Hilton Up

£4m to fix Beetham façade

Jessica Middleton-Pugh

The chairman of the fund which owns Beetham Tower has said it is set to cost £4m to replace faulty sealant on the 47-storey building’s façade, following a High Court ruling which said urgent work needed to be carried out and damages were owed to occupier Hilton Hotel.

Blue Manchester, trading as Hilton Manchester Deansgate, brought the claim against North West Ground Rents, a fund owned by Ground Rents Income Fund and managed by Brooks Macdonald.

The claim related to the failure of sealant around some of the 1,350 shadow box units which form part of the tower’s façade, and a question of whether remediation work has kept the building in good repair.

In a statement to the stock market on 1 February, Ground Rents Income Fund revealed that the court had found in favour of the Hilton, and ruled “the building is in disrepair”.

The court ruled that a permanent solution needed to be found within 18 months and ordered the fund to pay the Hilton £250,000 in costs, with the final amount to be determined at a later date.

Hilton was also awarded damages in relation to the hoardings which have been in place for 31 months while investigations into the façade took place.

Hoardings Save

Hoardings have been in place near to the Hilton entrance for more than two years

Malcolm Naish, chairman of Ground Rents Income Fund, made a statement to the company’s AGM: “The court ordered the temporary hoardings which had been erected by Carillion outside the hotel as an exclusion zone to be removed by 28 February 2019. It is expected that the completion of their removal will be finished within days.

“The cost of the permanent remedial works to the façade of Beetham Tower has been estimated by NWGR’s advisers, based on their recommended solution, to be approximately £4m, excluding VAT, any professional advisory costs and damages yet to be determined.

“Carillion was the contractor which constructed the building and from the date the faults in the façade were discovered in the summer of 2014, with its subcontractor BUG, began investigating the solution to the faults and how repairs could be put into place. These investigations and remedial work proposals were in the final phases of planning when Carillion went into compulsory liquidation in January 2018.

“NWGR is pursuing the proceedings it has already issued against Carillion through its insurers and the sub-contractor BUG, through existing warranties and indemnities, which, if successful, would greatly limit any potential liabilities or irrecoverable losses for NWGR.”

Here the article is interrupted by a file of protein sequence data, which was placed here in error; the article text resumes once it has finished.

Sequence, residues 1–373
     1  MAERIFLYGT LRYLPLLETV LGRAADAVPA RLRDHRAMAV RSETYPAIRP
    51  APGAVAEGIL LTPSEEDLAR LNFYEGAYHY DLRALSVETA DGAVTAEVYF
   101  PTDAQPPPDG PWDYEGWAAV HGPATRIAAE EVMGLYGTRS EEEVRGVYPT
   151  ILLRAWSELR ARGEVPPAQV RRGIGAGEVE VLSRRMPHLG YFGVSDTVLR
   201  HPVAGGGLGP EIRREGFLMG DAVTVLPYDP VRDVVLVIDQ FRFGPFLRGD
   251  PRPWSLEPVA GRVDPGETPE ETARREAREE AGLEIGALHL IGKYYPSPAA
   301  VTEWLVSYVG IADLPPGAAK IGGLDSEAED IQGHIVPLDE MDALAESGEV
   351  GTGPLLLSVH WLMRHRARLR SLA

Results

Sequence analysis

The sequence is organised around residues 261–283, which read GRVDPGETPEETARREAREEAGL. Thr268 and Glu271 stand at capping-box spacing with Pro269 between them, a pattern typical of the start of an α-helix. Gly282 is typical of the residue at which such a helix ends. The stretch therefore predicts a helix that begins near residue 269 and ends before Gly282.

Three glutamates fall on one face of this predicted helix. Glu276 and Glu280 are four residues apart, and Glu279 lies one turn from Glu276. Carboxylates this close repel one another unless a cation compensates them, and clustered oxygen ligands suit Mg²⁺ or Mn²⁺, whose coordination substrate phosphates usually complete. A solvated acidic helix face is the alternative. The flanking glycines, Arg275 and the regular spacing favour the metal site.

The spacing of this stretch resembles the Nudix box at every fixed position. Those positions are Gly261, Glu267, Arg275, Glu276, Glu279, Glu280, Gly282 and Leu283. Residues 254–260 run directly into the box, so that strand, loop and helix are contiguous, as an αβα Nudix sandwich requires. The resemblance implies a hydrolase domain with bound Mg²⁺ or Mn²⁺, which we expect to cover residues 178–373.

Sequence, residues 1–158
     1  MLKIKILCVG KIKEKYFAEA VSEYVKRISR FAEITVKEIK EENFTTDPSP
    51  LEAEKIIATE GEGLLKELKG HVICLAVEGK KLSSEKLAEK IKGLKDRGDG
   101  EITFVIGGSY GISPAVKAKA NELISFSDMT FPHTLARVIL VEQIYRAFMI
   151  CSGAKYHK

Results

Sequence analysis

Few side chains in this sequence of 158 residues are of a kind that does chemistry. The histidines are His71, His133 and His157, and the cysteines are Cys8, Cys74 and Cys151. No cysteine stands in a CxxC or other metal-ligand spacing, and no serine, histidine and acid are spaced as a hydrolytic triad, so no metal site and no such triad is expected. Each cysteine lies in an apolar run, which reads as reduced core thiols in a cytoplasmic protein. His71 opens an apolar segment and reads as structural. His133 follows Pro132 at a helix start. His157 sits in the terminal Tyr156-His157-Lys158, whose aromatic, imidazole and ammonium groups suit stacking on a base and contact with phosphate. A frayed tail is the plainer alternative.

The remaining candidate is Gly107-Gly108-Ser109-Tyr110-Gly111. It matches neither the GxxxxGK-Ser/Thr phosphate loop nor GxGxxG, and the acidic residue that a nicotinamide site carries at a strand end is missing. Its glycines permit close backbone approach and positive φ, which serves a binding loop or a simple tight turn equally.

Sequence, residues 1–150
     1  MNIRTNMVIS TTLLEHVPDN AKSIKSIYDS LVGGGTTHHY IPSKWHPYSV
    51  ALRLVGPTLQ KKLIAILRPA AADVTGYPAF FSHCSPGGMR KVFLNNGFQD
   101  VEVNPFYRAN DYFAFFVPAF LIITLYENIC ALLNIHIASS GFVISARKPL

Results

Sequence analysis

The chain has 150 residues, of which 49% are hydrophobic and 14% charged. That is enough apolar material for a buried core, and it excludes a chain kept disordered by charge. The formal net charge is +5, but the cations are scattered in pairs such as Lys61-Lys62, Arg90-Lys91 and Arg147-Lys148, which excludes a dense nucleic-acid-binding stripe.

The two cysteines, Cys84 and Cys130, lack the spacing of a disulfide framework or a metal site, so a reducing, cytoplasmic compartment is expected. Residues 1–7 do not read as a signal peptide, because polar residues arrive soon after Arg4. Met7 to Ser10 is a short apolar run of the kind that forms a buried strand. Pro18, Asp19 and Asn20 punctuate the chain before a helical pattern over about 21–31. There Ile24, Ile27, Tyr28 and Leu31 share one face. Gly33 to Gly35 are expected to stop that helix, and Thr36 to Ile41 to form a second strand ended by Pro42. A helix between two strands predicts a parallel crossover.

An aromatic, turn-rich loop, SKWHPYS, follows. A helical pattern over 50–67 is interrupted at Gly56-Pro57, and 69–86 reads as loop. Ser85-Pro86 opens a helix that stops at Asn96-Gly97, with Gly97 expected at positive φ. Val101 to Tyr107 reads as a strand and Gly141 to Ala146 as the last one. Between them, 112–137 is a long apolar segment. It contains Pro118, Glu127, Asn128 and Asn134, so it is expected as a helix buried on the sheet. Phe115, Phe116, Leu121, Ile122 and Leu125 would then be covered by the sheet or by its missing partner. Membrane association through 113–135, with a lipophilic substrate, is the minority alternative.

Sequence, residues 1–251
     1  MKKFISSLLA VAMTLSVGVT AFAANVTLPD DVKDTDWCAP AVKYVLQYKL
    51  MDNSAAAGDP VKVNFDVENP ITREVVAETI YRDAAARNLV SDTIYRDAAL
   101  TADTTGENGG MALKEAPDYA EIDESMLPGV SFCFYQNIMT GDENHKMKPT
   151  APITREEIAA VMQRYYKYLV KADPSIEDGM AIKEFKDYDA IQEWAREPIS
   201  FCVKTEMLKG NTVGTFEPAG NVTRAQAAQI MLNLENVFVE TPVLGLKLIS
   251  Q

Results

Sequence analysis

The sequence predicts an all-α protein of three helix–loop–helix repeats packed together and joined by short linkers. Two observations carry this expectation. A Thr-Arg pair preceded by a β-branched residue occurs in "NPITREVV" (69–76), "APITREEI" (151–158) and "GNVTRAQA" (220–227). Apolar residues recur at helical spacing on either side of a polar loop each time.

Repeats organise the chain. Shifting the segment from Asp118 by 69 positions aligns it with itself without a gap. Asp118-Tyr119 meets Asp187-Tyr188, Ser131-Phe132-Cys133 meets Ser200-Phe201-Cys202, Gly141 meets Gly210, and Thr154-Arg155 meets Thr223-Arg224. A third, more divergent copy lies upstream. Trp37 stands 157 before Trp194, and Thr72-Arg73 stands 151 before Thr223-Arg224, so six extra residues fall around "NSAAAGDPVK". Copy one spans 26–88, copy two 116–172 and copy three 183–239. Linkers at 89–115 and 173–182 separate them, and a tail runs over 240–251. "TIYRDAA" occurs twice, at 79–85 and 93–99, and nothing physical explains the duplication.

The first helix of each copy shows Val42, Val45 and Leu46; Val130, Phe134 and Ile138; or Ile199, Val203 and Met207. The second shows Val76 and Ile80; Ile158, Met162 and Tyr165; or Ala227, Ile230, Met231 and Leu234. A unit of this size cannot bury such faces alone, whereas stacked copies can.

Naish told the AGM that NWGR would need to fund the works and litigation costs, while pursuing the case against Carillion’s insurers and BUG. He said he had received legal advice suggesting “the case is strong”.

At the time of Carillion’s collapse, it left a debt of £1.6bn. According to Naish “if NWGR is unsuccessful in its action against the original contractor’s insurers or the sub-contractor, it may be able to recover some of the remedial works costs from other parties.”

Beetham Tower was designed by SimpsonHaugh, then Ian Simpson Architects, and completed in 2006.

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Bad year for these guys; bumped down to third in the height order then hit with this bill; ouch.

By .

It’s an ugly lump anyway, prefer it if they took it down rather than repair it

By John

@John It’s stunning and it’s never gonna happen.

By sherbet_lemon

I wonder if someone feels a little embarrassed, sat up there in his howling “ivory” tower!

By Mike

Is this fund just to repair the sealant for the bottom half (the hotel), or for the resi above too?

By curious

I don’t think the architect is at fault for the contractor using faulty sealant. The same issue hasn’t occurred on the architect’s other buildings.


Ahhh Carillion – the gift that keeps on going…

Standard unitised glazed facade on an RC frame…not exactly the worlds most challenging envelope was it…

By Darren Thompson